As with other ACE inhibitor medicines, you may feel light-headed or dizzy when you begin to take Fosinopril HCTZ or after
your dose is increased. This is because your blood pressure is dropping suddenly.
Make sure you know how you react to your medicine before you drive a car, operate machinery, or do anything else that could
be dangerous if you are dizzy or light-headed. If this occurs do not drive.
If you drink alcohol, dizziness or light-headedness may be worse.
Things that would be helpful for your blood pressure
Some self-help measures suggested below may help your condition. Talk to your doctor or pharmacist about these measures and
for more information.
Alcohol - your doctor may advise you to limit your alcohol intake.
Weight - your doctor may suggest losing some weight to help lower your blood pressure and help lessen the amount of work your
heart has to do. Some people may need a dietician's help to lose weight.
Diet - eat a healthy low-fat diet, which includes plenty of fresh vegetables, fruit, bread, cereals and fish. Also eat less
fat and sugar.
Salt - your doctor may advise you to watch the amount of salt in your diet. To reduce your salt intake you should avoid using
salt in cooking or at the table.
Exercise - regular exercise helps to reduce blood pressure and helps to get the heart fitter, but it is important not to overdo
it. Walking is good exercise, but try to find a route that is reasonably flat. Before starting any exercise, ask your doctor
about the best kind of programme for you.
Smoking - your doctor may advise you to stop smoking or at least cut down.
Side effects of Fosinopril HCTZ
All medicines may have some unwanted side effects. Sometimes they are serious, but most of the time, they are not. Your doctor
has weighed the risks of using this medicine against the benefits they expect it will have for you.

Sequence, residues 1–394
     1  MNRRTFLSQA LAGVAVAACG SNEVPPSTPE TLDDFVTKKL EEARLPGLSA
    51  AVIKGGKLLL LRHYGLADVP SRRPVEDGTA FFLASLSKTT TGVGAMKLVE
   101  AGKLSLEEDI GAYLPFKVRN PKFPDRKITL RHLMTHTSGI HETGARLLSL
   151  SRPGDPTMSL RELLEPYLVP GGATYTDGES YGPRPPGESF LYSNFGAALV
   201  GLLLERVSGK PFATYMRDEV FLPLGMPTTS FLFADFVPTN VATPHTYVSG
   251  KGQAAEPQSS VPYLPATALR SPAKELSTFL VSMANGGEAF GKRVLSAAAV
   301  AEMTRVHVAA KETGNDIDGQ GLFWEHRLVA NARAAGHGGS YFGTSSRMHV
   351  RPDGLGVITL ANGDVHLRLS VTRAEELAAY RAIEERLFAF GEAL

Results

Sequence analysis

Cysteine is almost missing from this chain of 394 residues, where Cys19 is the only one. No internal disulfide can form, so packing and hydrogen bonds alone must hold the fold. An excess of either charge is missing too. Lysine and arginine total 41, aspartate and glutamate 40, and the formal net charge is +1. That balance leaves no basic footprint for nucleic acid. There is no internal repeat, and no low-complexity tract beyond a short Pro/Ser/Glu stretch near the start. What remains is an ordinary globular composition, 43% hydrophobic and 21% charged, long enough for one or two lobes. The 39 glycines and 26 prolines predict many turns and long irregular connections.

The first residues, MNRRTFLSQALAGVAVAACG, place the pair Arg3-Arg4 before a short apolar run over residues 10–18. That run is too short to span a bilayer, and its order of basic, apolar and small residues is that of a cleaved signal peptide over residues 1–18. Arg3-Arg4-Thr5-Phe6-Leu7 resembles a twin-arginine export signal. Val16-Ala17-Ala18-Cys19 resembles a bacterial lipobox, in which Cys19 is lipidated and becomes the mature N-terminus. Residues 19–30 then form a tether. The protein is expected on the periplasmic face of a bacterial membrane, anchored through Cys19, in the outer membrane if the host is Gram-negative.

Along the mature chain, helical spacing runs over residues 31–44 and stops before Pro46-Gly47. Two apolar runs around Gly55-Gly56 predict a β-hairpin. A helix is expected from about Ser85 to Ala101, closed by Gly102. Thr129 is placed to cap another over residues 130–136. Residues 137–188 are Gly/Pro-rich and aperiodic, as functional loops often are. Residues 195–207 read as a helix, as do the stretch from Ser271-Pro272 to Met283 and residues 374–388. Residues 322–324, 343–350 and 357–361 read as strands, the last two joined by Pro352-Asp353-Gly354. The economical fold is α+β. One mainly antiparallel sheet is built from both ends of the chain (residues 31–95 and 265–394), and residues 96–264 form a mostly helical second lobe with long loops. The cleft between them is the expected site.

Tell your doctor or pharmacist as soon as possible if you do not feel well while you are taking Fosinopril HCTZ.
Ask your doctor or pharmacist to answer any questions you may have.
Following is a list of possible side effects. Do not be alarmed by this list. You may not experience any of them.
Tell your doctor or pharmacist if you notice any of the following and they worry you:
Feeling lightheaded, dizzy or faint
Feeling sick (nausea) or being sick (vomiting)
Constipation, diarrhoea (loose stools), pain in the stomach or upper stomach, indigestion, wind (flatulence), increased or
decreased appetite, weight change, dry mouth, strange taste sensations, feeling thirsty, mouth ulcers, burping, heart burn,
difficulty in swallowing
Tiredness, drowsiness, fatigue or weakness
Sore throat, blocked or runny nose, sinus problems, sneezing
Aches and pains, cold or flu symptoms, flushing, weight loss
Loss of memory, sleep disturbances, uncontrolled mood or mood swings, behavioural change, restlessness, shaking
Pins and needles sensation, numbness, weakness of the extremities
Blurred vision, visual disturbances, yellowish hue in vision (signs of a condition called xanthopsia, also called distortion
of color vision)
Skin rash, acne, itching redness
Increased blood pressure
Hearing problems, ear infection, ringing in the ears
Muscle cramps, spasm and pain, restricted mobility, joint pains
Pain in the tendons
The above list includes the more common side effects. Mostly, these are mild.
Tell your doctor as soon as possible if you notice any of the following:
Kidney problems (i.e. burning sensation or pain or problems urinating or urinating too much)
Throat, nose, sinus or chest infection
Gout (painful, swollen joints)
Diabetes (symptoms include excessive thirst, greatly increased amount of urine, increase of appetite with a loss of weight,
feeling tired, drowsy, weak, depressed, irritable and generally unwell)
Sore throat and fever
Sunburn following only a short exposure to the sun
Feeling depressed, confused or hearing or seeing things that are not there
Swollen ankles or lower legs
Unusual bleeding or increased tendency to bleed, persistent sore throat and frequent infections, and/or anaemia
Changes to your heart rhythm
Pain and swelling of the stomach with no passage of wind or motions and being sick (vomiting) (signs of a condition called
Chest pain (see next section below also)
Swelling of face, ankles or other parts of the body, with sudden increase or decrease in the amount of urine passed or have